Phil contacted us in April 2015 to discuss the possibility of a front door refurbishment for his 1930’s wooden door.
Front door refurbishment
After resizing the door so that it fits appropriately, we took it away to the workshop for a bit of TLC.
We install a temporary door at Phil’s house so that we could take his front door back to The Grand Victorian Workshop. We’ll then strip it down and leave it to dry out, usually for a week.
Fitting a temporary door
The temporary door that we fit is a solid wood fire door with two locks and grade 11 fire door hinges. It’s always more secure than what’s come off. The night latches on these old doors are always worn out and ready for the bin.
If there’s a deadlock, it’s usually a three lever bathroom lock that somebody’s picked up from that big orange hardware store. They wrap them up nice in a shiny plastic blister pack and market them so you think they’d keep out John Wick.
Usually, a customer knows if their door has passed its sell-by date. I can tell by just looking at some front doors on a photograph if they need setting fire to! Phil’s door is actually in pretty good condition even though some of it is rotten.
It ultimately required resizing, the beading around the traditional leaded light needed replacing, and the letter plate is way too big for the aperture.
There’s lots of work needed.
Old door furniture
Firstly, all the old furniture needs removing. Sometimes there’s a knob or a letter plate, and more often than not Baldwin hinges, that can be polished up and restored. However, not on this one, everything must go.
Stripping paint off an old front door
Off comes the paint. All our front door restorations are stripped to the wood.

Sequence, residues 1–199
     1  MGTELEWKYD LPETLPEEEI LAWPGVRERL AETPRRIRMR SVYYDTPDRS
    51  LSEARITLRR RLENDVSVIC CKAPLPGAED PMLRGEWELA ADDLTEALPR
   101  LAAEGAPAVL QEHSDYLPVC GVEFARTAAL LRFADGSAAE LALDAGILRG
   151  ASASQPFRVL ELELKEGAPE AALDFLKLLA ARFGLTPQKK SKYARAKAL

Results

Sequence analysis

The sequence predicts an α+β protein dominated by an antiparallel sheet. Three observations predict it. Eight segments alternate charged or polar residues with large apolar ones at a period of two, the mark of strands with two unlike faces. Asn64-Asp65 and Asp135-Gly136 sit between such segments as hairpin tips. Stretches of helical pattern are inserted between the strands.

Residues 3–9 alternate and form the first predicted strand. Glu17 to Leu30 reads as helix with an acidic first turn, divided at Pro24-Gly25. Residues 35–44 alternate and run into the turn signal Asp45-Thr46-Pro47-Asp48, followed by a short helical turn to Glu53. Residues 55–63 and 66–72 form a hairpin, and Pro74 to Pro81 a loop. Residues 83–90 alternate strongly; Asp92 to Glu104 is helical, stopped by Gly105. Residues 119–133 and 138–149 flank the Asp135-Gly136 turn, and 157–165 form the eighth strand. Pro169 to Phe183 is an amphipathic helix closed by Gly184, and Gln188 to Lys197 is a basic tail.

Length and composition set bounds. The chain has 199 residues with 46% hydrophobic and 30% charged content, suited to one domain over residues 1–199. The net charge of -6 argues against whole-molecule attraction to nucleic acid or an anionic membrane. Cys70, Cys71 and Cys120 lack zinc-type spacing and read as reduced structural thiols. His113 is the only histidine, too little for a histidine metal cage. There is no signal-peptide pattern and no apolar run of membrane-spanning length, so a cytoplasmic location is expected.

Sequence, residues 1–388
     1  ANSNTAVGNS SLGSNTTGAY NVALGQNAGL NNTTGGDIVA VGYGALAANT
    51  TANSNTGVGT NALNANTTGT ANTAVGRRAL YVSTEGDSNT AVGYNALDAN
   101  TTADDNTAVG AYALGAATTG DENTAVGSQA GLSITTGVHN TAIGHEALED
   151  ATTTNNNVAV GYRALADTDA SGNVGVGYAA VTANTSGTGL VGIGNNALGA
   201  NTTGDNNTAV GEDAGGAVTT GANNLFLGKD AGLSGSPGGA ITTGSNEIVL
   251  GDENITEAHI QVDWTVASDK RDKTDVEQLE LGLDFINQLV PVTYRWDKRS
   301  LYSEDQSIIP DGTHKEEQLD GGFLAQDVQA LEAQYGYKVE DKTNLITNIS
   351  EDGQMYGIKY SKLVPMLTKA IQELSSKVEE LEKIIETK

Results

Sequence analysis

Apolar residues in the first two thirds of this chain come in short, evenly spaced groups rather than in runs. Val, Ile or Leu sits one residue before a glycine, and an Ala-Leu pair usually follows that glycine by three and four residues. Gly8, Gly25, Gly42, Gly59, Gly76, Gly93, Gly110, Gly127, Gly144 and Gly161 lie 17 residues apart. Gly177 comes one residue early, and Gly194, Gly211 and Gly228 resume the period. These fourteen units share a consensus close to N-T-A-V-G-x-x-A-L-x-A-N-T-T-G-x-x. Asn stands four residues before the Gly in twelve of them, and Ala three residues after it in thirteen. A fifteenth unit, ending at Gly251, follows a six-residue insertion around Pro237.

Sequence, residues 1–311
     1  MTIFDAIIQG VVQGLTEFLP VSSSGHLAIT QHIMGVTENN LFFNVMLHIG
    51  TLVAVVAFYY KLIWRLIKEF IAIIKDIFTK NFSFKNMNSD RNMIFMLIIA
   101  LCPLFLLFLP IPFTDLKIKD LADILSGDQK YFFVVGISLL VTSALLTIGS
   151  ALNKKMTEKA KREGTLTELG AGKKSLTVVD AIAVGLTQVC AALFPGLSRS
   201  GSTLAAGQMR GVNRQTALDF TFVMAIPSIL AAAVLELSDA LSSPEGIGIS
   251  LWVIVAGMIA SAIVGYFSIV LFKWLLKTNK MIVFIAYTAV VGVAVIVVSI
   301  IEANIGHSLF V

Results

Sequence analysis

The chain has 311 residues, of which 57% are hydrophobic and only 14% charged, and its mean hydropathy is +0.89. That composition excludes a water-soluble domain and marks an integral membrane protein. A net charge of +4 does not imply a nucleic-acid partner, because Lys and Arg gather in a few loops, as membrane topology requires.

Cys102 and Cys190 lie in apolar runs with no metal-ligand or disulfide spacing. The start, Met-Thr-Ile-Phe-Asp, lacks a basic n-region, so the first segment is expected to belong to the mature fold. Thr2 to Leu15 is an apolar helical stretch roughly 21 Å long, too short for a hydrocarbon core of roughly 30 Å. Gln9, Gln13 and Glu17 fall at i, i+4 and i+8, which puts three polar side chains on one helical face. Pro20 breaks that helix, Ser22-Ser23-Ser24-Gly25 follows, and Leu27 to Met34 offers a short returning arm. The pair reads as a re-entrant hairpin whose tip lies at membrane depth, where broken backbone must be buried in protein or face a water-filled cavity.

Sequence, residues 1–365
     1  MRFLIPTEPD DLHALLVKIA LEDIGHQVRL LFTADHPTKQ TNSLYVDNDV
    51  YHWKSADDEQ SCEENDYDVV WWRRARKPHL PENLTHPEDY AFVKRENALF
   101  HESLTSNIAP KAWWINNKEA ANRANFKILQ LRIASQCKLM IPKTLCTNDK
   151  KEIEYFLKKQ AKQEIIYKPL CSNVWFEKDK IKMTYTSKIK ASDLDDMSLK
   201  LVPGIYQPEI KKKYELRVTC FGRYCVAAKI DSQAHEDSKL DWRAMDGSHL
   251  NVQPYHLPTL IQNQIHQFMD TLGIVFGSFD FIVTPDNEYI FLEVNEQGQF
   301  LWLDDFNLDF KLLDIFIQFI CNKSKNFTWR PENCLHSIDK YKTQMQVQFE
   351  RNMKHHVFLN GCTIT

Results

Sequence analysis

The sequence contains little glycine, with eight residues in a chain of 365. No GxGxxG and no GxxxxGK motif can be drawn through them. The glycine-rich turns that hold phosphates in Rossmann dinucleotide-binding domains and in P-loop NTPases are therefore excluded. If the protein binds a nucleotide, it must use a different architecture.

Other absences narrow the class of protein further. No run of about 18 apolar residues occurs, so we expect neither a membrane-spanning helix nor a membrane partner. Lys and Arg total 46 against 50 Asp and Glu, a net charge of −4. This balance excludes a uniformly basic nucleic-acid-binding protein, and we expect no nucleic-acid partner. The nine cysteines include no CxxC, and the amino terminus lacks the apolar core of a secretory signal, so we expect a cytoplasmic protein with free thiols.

Dipping a front door that’s 90 years old can cause problems structurally. Throwing a door into a bath of chemicals will strip the paint. However, what strips paint can also soften the glue that’s used to fix the mortice and tenon joints of the door.
Now, on all the flats we use a Festool Rotex sander. The Rotex 150 FEQ-Plus is gear driven, as opposed to rotary like DIY tools so it’s more robust and gets the job done so well that when Shawn, our Workshop Manager, recommended we buy one, it was a no-brainer.
The Heat gun we use...
To strip paint from fine detail, such as around mouldings on the door, we have to use a heat gun. Be very careful not to apply too much heat as you’ll scorch the wood.
Our grey B&Q heat gun gave up the ghost at about 13 months, shockingly, so I invested in a DeWalt one. We’re not using it every day so it should last a few years. At £50, one job would be enough.
After stripping a dozen coats of old paint from the door in varying colours, we give it a good sand. We find that holes have been filled with cheap internal filler so this is dug out and all blown off with compressed air.
We have a range of fillers for specific jobs. If we can’t splice a piece of wood into a hole in the wood we’ll use a two part Ronseal Wood Filler. This is a two part resin based filler that is fiberous, it clings to the wood, goes rock hard and is fully set within a couple of hours so we can fill, sand and paint the same day.
The priming coat shows up other parts that need filling.